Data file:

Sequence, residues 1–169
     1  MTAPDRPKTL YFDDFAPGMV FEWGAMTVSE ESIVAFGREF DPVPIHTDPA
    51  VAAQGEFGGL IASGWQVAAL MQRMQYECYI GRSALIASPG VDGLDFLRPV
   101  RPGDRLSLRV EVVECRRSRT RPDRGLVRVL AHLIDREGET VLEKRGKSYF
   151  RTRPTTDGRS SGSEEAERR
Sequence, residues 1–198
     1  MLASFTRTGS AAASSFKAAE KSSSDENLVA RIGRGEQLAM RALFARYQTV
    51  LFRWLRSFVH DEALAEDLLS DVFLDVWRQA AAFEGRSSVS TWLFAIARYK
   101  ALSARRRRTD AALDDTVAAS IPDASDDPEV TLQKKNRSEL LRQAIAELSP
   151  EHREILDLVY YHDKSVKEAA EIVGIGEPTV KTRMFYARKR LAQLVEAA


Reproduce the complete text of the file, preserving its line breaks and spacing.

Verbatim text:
Sequence, residues 1–169
     1  MTAPDRPKTL YFDDFAPGMV FEWGAMTVSE ESIVAFGREF DPVPIHTDPA
    51  VAAQGEFGGL IASGWQVAAL MQRMQYECYI GRSALIASPG VDGLDFLRPV
   101  RPGDRLSLRV EVVECRRSRT RPDRGLVRVL AHLIDREGET VLEKRGKSYF
   151  RTRPTTDGRS SGSEEAERR
Sequence, residues 1–198
     1  MLASFTRTGS AAASSFKAAE KSSSDENLVA RIGRGEQLAM RALFARYQTV
    51  LFRWLRSFVH DEALAEDLLS DVFLDVWRQA AAFEGRSSVS TWLFAIARYK
   101  ALSARRRRTD AALDDTVAAS IPDASDDPEV TLQKKNRSEL LRQAIAELSP
   151  EHREILDLVY YHDKSVKEAA EIVGIGEPTV KTRMFYARKR LAQLVEAA